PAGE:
Green tariffs: what's the extra cost and where does the money go?

You don't have to put up a wind turbine to get clean power - just pick a green tariff. Martin Hickman gives the lowdown

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Want to do your bit to counter climate change? You can feel powerless when it comes to energy. About two thirds of the electricity in our homes is generated by burning coal and gas in power stations, which pump out two tons of carbon dioxide per home each year.

Much has been made of the potential to replace this dirty "brown" energy with the clean "green" power of the sun and wind.

But lavishing up to £15,000 installing solar panels or a wind turbine in your home is not always a viable option; planning or financial constraints and the hassle of changing the boiler can deter people.

So what can you do to switch to cleaner power?

One simple way is to buy "green energy". All the big energy companies and a few specialist renewables operators offer green energy tariffs. Under these schemes, in return for your business, your energy supplier will make a contribution to an environmental cause, or buy carbon offsets or renewable energy.

Environmentalists say such tariffs drive the market in renewable power, which comprises only 4.2 per cent of British electricity generation, despite the UK's enviable location for wind and hydro power. Gas accounts for 37 per cent, coal 34 per cent and nuclear 20 per cent.

Switching from dirty fuels to cleaner energy takes a few minutes online and does not require any new pipes, wires or a new meter. The electricity entering the home is the same, but your bills help the environment.

The only disadvantage is the extra cost (about £100 a year), though the pale green tariffs can be cheaper than your existing supplier.

So why, despite the spectre of climate change, and the fact that 64 per cent of people say they would consider switching to "green" energy, have only 1 per cent of the UK's 25 million households done so? Maybe they don't know about it. The six big companies - British Gas, Powergen, npower, EDF, Scottish Power, and Scottish and Southern - barely advertise their schemes.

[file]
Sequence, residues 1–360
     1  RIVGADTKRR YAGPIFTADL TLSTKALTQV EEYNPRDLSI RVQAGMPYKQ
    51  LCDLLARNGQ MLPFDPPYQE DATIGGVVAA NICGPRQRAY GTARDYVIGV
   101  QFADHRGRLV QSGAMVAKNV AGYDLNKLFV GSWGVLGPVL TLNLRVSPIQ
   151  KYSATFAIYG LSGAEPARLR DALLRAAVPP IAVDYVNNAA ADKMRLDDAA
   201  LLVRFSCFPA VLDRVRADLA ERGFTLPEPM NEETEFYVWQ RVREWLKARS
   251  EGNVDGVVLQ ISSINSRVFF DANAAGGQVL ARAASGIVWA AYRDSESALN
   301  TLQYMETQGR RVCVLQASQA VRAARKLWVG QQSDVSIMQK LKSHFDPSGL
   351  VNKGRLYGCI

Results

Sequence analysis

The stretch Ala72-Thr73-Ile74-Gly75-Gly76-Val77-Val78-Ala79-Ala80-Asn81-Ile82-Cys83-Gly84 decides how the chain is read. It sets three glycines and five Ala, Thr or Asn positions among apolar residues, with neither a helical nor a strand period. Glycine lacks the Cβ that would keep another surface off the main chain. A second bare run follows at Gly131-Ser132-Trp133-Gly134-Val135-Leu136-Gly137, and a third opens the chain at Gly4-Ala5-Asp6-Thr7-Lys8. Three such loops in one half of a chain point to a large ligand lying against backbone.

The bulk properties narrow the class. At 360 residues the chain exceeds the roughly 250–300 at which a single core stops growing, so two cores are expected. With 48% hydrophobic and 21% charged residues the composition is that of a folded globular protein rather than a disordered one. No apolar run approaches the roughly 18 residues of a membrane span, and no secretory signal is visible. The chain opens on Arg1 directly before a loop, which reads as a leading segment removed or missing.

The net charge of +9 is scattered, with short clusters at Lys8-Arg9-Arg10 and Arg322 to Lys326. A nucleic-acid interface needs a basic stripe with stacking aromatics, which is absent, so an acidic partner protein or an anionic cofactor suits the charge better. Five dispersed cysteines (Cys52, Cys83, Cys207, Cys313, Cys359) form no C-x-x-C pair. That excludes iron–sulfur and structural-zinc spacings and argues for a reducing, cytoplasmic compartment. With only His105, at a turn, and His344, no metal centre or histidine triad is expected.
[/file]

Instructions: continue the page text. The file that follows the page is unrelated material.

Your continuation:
The power industry does not seem keen to draw attention to the pollution presently emitted by the way we power our homes.

More worryingly, the power companies have been accused of misleading customers about the greenness of their green tariffs. Critics saygreen tariffs often amount to no more than a "repackaging" of the companies' legal obligation to buy a minimum amount of renewable energy.

Friends of the Earth, Greenpeace and the National Consumer Council claim the sleight of hand is linked to the operation of the Government's scheme to increase clean power, the 2002 Renewable Obligations Order.

Under the order, power companies must buy a certain amount of their energy from renewable sources, such as wind and solar power. The rate is currently 7.9 per cent but will rise annually to 10.4 per cent in 2010.

If the companies don't manage to supply enough power from renewable sources - and most don't - they can buy credits (Renewable Obligations Certificates) to make up the shortfall from companies that do.

Critics complain this allows big power companies to put a green gloss on their grudging adoption of their legal obligations. By offering a green option, they can appear to be virtuous without buying more wind or wave power to supply these "green" customers. They have to buy the energy anyway and in fact are buying less than the Government stipulates, and some of them are charging customers more for the privilege.